Further, Title IX is not just a good thing for admissions – it is a good thing for any activity that is commonly considered “co-ed.” This includes academics, music, drama and debate, student organizations and leadership therein, access to dormitories, access to health care, etc. However, the authorities have determined that sex-specific activities, such as fraternities and sororities, are specifically exempt from Title IX requirements.

My opinion is that athletics should be treated more like fraternities and sororities. Sports, especially at the college level, are not co-ed activities. Title IX cannot be applied to college athletics like it can be successfully applied the selection of a marching band or an incoming class of students. Male and female students have equal abilities to learn to do math or play an instrument. But they do not have equal abilities to play basketball.

If one tried to apply Title IX to a basketball team like it could be applied to a marching band, one would have to have a co-ed basketball team with a permanent affirmative action policy so as to select equal members of men and women to the team. It would not be fair to always play the men over the women, so the coach would have to monitor the minutes of the men and women religiously and make sure that the men’s minutes did not exceed those of the women; and then, that the men did not take more shots than the women.

The idea is ludicrous even before you begin to consider the physicality of the game. It is something that is not done. Consider, if you will, that the NCAA is not required to address race in this way. If a team wants to start five black players on the court, so be it.

The NCAA has tried to comply with Title IX by adding women’s sports until the number of women’s scholarships in a given athletic department is roughly equal to the number of men’s scholarships. A crisis has resulted, because the athletic departments can no longer afford to fund nearly as many men’s “non-revenue sports.” These sports, while not revenue producing, include the majority of the “Olympic” sports.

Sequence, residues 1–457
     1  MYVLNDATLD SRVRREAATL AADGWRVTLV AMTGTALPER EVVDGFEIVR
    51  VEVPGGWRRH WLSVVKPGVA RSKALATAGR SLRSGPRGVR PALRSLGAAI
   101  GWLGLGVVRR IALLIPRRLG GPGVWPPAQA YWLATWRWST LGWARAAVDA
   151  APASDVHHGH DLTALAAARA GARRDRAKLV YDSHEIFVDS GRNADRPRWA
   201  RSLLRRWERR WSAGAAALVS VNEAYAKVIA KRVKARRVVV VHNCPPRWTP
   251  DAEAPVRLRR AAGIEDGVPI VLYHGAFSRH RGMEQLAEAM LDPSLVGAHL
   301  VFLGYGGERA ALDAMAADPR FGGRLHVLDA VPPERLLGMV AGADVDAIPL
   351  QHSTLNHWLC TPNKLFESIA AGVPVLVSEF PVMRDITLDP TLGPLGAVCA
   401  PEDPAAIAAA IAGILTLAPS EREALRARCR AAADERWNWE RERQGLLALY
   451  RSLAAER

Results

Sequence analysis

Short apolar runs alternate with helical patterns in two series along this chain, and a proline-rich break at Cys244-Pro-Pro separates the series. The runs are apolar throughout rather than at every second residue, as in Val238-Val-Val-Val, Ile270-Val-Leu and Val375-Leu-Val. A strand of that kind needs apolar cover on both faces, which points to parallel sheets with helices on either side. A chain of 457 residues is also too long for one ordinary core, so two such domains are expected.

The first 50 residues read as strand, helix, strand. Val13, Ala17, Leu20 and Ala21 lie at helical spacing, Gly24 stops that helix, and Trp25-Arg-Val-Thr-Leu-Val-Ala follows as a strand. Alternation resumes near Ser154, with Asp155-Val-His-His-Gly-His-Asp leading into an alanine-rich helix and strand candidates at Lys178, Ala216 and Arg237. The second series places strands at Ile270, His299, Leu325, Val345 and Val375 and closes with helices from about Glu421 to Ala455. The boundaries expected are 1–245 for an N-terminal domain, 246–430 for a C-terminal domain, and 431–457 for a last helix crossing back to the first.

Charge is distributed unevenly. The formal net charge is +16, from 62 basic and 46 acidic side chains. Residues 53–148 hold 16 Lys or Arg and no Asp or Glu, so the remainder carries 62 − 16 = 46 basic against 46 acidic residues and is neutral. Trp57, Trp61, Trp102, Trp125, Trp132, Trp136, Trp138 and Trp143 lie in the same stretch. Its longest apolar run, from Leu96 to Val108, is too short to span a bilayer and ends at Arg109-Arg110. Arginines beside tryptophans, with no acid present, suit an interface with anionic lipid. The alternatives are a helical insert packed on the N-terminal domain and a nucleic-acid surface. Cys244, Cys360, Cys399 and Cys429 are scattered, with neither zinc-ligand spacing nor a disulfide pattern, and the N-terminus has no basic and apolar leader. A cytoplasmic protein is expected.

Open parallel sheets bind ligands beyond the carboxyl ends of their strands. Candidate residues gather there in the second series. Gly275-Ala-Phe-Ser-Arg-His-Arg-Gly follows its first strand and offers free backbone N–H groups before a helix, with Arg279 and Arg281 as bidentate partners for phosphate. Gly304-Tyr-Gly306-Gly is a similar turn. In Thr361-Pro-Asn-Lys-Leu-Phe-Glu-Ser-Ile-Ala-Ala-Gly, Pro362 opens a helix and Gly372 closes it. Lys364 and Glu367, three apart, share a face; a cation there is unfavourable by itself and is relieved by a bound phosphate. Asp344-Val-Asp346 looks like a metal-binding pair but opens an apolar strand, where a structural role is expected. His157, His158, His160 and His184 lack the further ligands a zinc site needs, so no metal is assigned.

By providing many women with the opportunity to participate in college athletics, Title IX has taken that same opportunity from all too many male student-athletes, especially in Olympic sports. It isn’t that there just isn’t enough money out there. At my Division 1 school, we had a women’s rowing team. The members of the rowing team had to walk around campus each fall and actually recruit girls that they thought might be good rowers. If they did well for the first few weeks, they would get a scholarship. That is the kind of thing my school had to do to be compliant with Title IX; so that teams like mine could stick around. My team, on the other hand, had less than ten scholarships to allocate to over 30 men. Not only that, but we had to cut less talented athletes from our team now and then so as to get our roster under our allotted limit. These were athletes that worked very hard and did not deserve the treatment they got.

The Solution:

Many people tell me that the vast majority of men’s college basketball and football teams are not, in fact, “revenue-producing.” I have seen sources go both ways. Either way, it isn’t my point. I would hate to see a men’s basketball or football team get cut just as I hate to see a men’s wrestling or swimming team get cut.

On a related note, people tell me that it is men’s football that is the problem. Perhaps this is true to a point. An NCAA FBS football team has 80+ scholarships. Only 11 men play at one time. Full scholarships for 11 offensive starters, 11 defensive starters, and 11 special teams starters is only 33. Backing each of those players up is 66. That leaves a significant amount of money going to players who will rarely if ever see the field in a given season. I would not object to seeing the scholarship limit on FBS football being dropped to a more reasonable number (in the 50s-60s), but there are probably good arguments both ways.

Such a quick fix might help a few men’s “non-revenue” sports teams here and there but I doubt that it could bring back the hundreds of teams that have been dropped over the years. In my opinion, Title IX needs to be scrapped in regard to college athletics. Gender equality in college athletics should be placed under the auspices of a new legal framework designed to match the various athletic interests of men and women at a given school with athletic opportunities. A survey system would go a long way down this road. It is my belief that significantly more men are interested in participating in college athletics than women.

What are your thoughts in regard to college athletics and Title IX?